School social network Edmodo announced this week that it has raised $25 million in its Series C, bringing the total raised for the startup to $47.5 million. My thoughts here.

littleBits, an open source hardware startup with electronics modules that snap together with magnets (and one of the startups I chose as my favorites of 2011) has raised $3.65 million in its Series A.

Top Hat Monocle, which lets students use their cellphones in lieu of clickers in class, has raised $8 million in Series A funding.

Techcrunch’s Sarah Perez covers Coursemodo, a new “student engagement”/learning management platform that’s raising $500,000 to $1 million in seed funding.

The investment bank Berkery Noyes has released its report on mergers and acquisitions in the education industry from the first half of the year.

Classes and Competitions

MITx has released some of what it’s calling “lessons learned” from its first course, 6.002x Circuits and Electronics. Among the interesting results, a student-generated 6.003z, an online course for what is typically the follow-up course 6.003 Signals and Systems. 6.003z uses MIT OpenCourseWare materials that are already available online.

Big news from online learning startup Coursera which announced 12 new partner universities that will offer courses on its “MOOC” platform. And the world goes a little crazy

So far the MTT2K “Khan-test” has 14 entries. Education Week’s Justin Reich has more on the contest.

The Department of Education and Creative Commons have announced the names of the winners of their “Why Open Education Matters” video contest.


President Obama announced a $1 billion effort to create a “master corps of teachers” in math and science. The Educated Reporter notes that the federal government already has some 80 teacher quality programs. But none have a name like “master corps of teachers,” do they.

6 more states have been granted NCLB waivers: Arizona, Kansas, Michigan, Mississippi, Oregon, South Carolina, and the District of Columbia.

The Department of Education is revamping its rules for disabled student loan borrowers, following an investigation by ProPublica last year that found that the system was failing to recognize and discharge loans for those who legitimately claimed disabilities prevented them from working and repaying.


The ACLU has filed what it calls a “groundbreaking” lawsuit against the state of Michigan on behalf of some 1000 Highland Park, Michigan elementary school students, charging that the state is denying children their the constitutionally guaranteed “right to read.”

Civil rights groups, including the Southern Poverty Law Center, have filed a lawsuit against the Mississippi Department of Education, alleging that it has not done enough to address special education in the Jackson Public Schools (specifically noting that the MDE has not done anything to fix problems from a 2010 complaint).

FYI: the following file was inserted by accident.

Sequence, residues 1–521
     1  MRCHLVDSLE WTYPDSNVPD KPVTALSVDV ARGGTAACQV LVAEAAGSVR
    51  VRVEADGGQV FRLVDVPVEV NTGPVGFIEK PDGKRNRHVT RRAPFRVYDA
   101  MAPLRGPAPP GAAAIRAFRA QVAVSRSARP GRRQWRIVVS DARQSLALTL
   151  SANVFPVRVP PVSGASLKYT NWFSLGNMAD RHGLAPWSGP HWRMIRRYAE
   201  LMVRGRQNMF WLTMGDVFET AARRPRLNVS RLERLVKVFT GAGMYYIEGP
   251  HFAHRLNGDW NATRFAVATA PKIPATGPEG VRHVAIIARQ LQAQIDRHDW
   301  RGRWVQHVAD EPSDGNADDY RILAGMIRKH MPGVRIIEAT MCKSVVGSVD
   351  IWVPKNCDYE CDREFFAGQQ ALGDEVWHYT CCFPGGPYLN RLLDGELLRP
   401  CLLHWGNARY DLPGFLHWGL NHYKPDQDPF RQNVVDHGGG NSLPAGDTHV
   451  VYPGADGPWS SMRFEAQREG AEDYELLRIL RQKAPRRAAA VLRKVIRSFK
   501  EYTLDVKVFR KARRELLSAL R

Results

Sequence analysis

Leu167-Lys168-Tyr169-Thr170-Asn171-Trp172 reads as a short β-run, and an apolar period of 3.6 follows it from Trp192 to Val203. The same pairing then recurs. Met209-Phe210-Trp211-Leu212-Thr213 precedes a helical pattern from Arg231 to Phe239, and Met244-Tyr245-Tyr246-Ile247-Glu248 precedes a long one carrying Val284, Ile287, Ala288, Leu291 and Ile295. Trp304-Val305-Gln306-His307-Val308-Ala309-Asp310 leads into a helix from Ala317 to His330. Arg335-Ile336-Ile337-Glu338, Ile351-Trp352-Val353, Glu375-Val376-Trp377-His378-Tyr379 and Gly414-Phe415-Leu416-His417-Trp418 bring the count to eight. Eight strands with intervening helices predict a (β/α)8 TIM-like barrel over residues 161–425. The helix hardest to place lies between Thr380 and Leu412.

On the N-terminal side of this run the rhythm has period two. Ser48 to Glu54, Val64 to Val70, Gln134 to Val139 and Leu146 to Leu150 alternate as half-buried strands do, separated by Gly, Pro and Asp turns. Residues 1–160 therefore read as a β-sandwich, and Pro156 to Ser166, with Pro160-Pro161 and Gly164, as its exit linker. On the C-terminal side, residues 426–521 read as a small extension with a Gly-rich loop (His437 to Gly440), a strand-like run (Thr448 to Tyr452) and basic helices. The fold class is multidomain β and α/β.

Adam Bellow’s latest project eduClipper (which I covered here last week) has opened the doors of its beta.

Updates and Upgrades

Microsoft held a press conference this week to unveil its new version of Office (Office 2013). (Here’s The Verge’s write-up on its new and updated features.) Bad timing for Microsoft, however, as just after its press conference wrapped up, news broke that Marissa Mayer, Google employee #20 and the company’s first female hire, would be the new CEO of Yahoo. In more bad news for Microsoft, the company also posted its first ever quarterly loss this week. Some weeks just suck, Microsoft. Bummer huh.

Lore, the startup formerly known as CourseKit, has updated the look, feel and functionality of its site. The emphasis is on the news feed and on the calendaring system for this free alternative to the more bloated LMS. Lore aims for professor adoption rather than trying to sell to entire schools.

Skout, a mobile/social app, has re-opened its doors to teens following its decision last month to close down its teen community following news that predators had been using it to sexually assault minors. The company says it will do a better job of tracking users’ ages.

YouTube has added a new feature that allows for the blurring and obscuring of faces. Although ostensibly for human rights concerns (so as to protect the identities of protestors, for example), I wonder if we’ll see teachers use this to share videos of their classrooms without revealing their students’ identities.

Research and Data

The results of a study by the National Education Policy Center are prompting it to urge states not to expand the growth of full-time virtual schools, particularly after finding particularly poor performances by students in the company K12’s online schools. Less than 28% of its schools meet the Adequate Yearly Progress during the 2010–2011 school year (as opposed to 52% of brick-and-mortar schools).

A new study by Professors Adam Maltese of Indiana University and Craig Hochbein of the University of Louisville finds that rising scores on state exams do not correlate with better performance on the ACT. In some cases, students at schools whose state test scores were rising actually did worse on the ACT. A little test prep goes a long way – except when it doesn’t.

According to student loan provider Sallie Mae, students are paying more for of their own education than they have for the past 4 years. That’s because parents’ share of the bill is on the decline, in part because they simply can’t afford as much.


Donald Sobol, the author of the wonderful Encyclopedia Brown series, passed away last week. GeekDad has a terrific tribute to an author I adored as a young reader. Sobol’s last book is due out this fall.

Image credits: ginza_line

Audrey Watters


Hack Education

The History of the Future of Education Technology

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